J013906.17+524536.89) Photometry Monitoring by Amateur Bruce
Bruce L. Gary, Last Updated 2019.10.16 17 UT
This web site reports photometry measurements of a white dwarf with a suspected planetesimal that is shedding dust debris when its 110-day elliptical orbit brings it close to the star's Roche distance. The presence of fades means that the orbiting debris crosses in front of the star. My intent is to observe this star at intervals of a few days, with all-night observing sessions (in order to assess hourly timescale variations) to record the multi-day "big" fade event Oct 15 ± 2 days and to detect smaller fade events.
J0139 is a white dwarf (DA type, hydrogen atmosphere) that
appears to undergo 30 - 45 % fades at 110-day intervals. Only two
(possibly three) fades have been measured so far. I have adopted
the following tentative ephemeris for the middle of the
fades: JD = 2458661 + E × 110.3. The next two fades are due
on 2019.10.15 and 2020.02.02. The discovery paper, Vanderbosch et
al. (2019), suggests that the fades are due to a planetesimal in a
110-day orbit that is very eccentric (e > 0.97), and during
periastron it is close to the Roche radius of the WD and fragments
are dislodged that form a dust cloud in the same orbit.
List of internal links
Results to date
Physical model suggestion
Observing and Analysis Tips
Results to date
Need someone else's LC to know if this sinusoidal variation is
Still no evidence for target variability during observing session.
Still no evidence for variability during observing session.
Could this be a pulsation?
J0139 is located at RA/DE = 01:39:06.2 +52:45:37.
Figure F1. SDSS image, northeast upper-left.
Figure F3. SDSS image.
Figure F3. Image taken with my AstroTech 16" telescope. FOV = 12.5 x 9.0 'arc, north up, east left.
Figure F4. Some of the stars I use for reference. See below for r'-mags that I've adopted for these stars.
Observing and Analysis Tips for this Target
The target star, J0139, is faint (V = 18.4) so unfiltered is the
best option. However, consider that the target is bluer than all
nearby reference star candidates. The combination of "unfiltered
with very blue target" means that systematic offsets will differ
for each observer (because each observer's unfiltered effective
wavelength will be different). Therefore we should expect that
comparing measurements from different observers will require
determination of an empirical offset for each observer. This is
easy to do. To maximize the usefulness of this process it will be
important that each observer adopt a FOV placement that is the
same every night (so that flat field systematics, which everyone
has, are the same for each observing session). Also, use the same
reference stars every night.
The goal is "day timescale" variations, not hourly or
shorter timescale variations. With a 14" telescope, unfiltered, no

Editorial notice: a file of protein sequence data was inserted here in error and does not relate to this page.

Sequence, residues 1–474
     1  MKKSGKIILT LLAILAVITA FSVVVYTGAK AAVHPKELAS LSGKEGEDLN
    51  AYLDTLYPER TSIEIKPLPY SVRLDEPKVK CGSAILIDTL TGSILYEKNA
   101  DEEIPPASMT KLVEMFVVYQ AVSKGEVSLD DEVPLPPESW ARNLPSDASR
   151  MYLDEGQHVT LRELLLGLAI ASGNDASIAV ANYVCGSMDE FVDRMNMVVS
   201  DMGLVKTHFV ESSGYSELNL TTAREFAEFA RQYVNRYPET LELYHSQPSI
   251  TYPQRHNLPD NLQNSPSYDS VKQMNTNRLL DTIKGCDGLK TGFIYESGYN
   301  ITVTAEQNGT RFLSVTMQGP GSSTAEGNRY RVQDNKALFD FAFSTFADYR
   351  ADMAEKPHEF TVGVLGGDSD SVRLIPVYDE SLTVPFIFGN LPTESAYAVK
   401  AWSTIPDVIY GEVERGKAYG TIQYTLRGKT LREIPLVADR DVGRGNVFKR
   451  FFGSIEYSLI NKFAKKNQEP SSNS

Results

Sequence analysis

full moon, 100-second exposures will yield SNR per image ~ 10
(i.e., 10 % SE). This SE per image is large compared with all
other systematics. For example, scintillation is typically 5 to 10
mmag per image, or 0.5 to 1.0 %. It is also not necessary to keep
the star field fixed with respect to the pixel field throughout
the night to minimize flat field variations during an observing
The most important tip is to choose photometry setting carefully
and stick to them for processing every observing session.
This is because there's a brighter star close to the target star
(9 "arc away), as shown in the next image. The danger we want to
avoid is for atmospheric seeing changes to cause some of the flux
of the brighter star from entering the signal circle and making
the target star appear brighter than it is. If one observing
session has bad seeing compared to another, there's a risk of the
target reading for that night to be influenced by the nearby star.
My rule of thumb is to choose a signal aperture radius that places
the circle less than halfway to the interfering star.
As an aside, you'll note three "hot pixels" in the above image.
One of them is in the background annulus. This is OK because it
will be ignored (by MaxIm DL, and presumably any other good
quality photometry program). Hot pixels inside the signal circle
cannot be tolerated, so placement of the FOV should take this into
My Collaboration Policy
Please don't ask me to co-author a paper! At my age of 80 I'm entitled to have fun and avoid work. Observing and figuring things out is fun; writing papers is work. If my data is essential to any publication just mention this in the Acknowledgement section.
Vanderbosch, Z., J. J. Hermes, E. Dennihy and 8 others, arXiv: https://arxiv.org/abs/1908.09839
description of J0139
WD1145 photometry monitoring
This site opened 2019.08.30.